Rheumatic Heart Disease (RHD) is diagnosed through a combination of medical history, physical examination, and specific diagnostic tests that assess the presence and severity of valve damage typically caused by rheumatic fever. Here’s how the diagnosis process usually unfolds:

1. Medical History and Physical Examination

  • Medical History: The doctor will inquire about any history of rheumatic fever, which is the primary cause of RHD. Details about recent sore throat infections or untreated streptococcal infections, as well as family history of RHD, are also considered.
  • Physical Exam: During the physical examination, the doctor listens for heart murmurs, which are often a key indicator of valve problems. They will also look for signs of heart failure, such as swelling in the legs, and symptoms of atrial fibrillation.

2. Echocardiogram

  • Primary Diagnostic Tool: An echocardiogram uses sound waves to create detailed images of the heart. It is the most effective tool for diagnosing RHD because it can visualize the structure and function of the heart valves and chambers, showing abnormalities in valve movement, thickening, or regurgitation (blood leaking backward through the valve).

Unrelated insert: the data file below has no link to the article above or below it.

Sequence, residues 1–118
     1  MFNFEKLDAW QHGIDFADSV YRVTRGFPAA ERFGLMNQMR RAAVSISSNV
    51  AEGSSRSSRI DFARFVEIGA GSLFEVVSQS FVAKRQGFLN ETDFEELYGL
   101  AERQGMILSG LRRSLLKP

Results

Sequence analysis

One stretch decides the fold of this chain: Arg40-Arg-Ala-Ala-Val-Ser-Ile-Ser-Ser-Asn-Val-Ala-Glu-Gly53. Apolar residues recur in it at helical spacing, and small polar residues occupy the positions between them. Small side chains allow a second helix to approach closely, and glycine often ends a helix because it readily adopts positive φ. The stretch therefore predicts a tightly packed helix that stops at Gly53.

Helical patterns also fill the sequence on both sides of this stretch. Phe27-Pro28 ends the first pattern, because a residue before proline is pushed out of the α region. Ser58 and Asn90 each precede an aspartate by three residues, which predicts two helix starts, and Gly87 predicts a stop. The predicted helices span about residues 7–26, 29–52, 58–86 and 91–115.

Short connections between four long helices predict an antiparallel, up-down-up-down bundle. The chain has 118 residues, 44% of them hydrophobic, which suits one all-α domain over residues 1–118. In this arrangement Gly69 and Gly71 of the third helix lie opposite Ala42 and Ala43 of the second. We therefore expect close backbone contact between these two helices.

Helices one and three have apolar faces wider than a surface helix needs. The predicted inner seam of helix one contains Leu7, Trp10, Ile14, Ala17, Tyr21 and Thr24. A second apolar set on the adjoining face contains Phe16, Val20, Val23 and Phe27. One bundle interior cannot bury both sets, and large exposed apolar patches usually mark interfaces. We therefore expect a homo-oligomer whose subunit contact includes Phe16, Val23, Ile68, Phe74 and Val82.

• Types: Both transthoracic (non-invasive, done from the chest wall) and transesophageal (more invasive, done from inside the esophagus) echocardiograms might be used depending on the clarity of images needed.

3. Blood Tests

  • Purpose: While blood tests cannot diagnose RHD directly, they are useful for indicating inflammation or a past infection with streptococcus. Elevated levels of streptococcal antibodies, such as anti-streptolysin O (ASO) titers, can support a history of rheumatic fever.

4. Electrocardiogram (ECG)

  • Usage: An ECG, which records the electrical activity of the heart, is often performed to check for arrhythmias like atrial fibrillation, which can be associated with RHD.

5. Chest X-ray

  • Additional Imaging: A chest X-ray can show changes in the size and shape of the heart and signs of heart failure, such as fluid in or around the lungs.

6. Cardiac MRI

  • Advanced Imaging: In certain cases, a Cardiac MRI (Magnetic Resonance Imaging) might be used to provide more detailed images of the heart’s structure and function, especially if the echocardiogram results are inconclusive.

7. Doppler Ultrasound

  • Flow Assessment: This test measures the speed and direction of blood flow through the heart’s chambers and valves, helping to assess the severity of any regurgitation or stenosis in valves.

The diagnosis of RHD often relies on the detection of cumulative heart damage over time, necessitating regular monitoring and follow-up, especially for those with a history of rheumatic fever. Early detection and ongoing management are crucial to prevent progression and mitigate symptoms effectively.

Last Update: June 3, 2024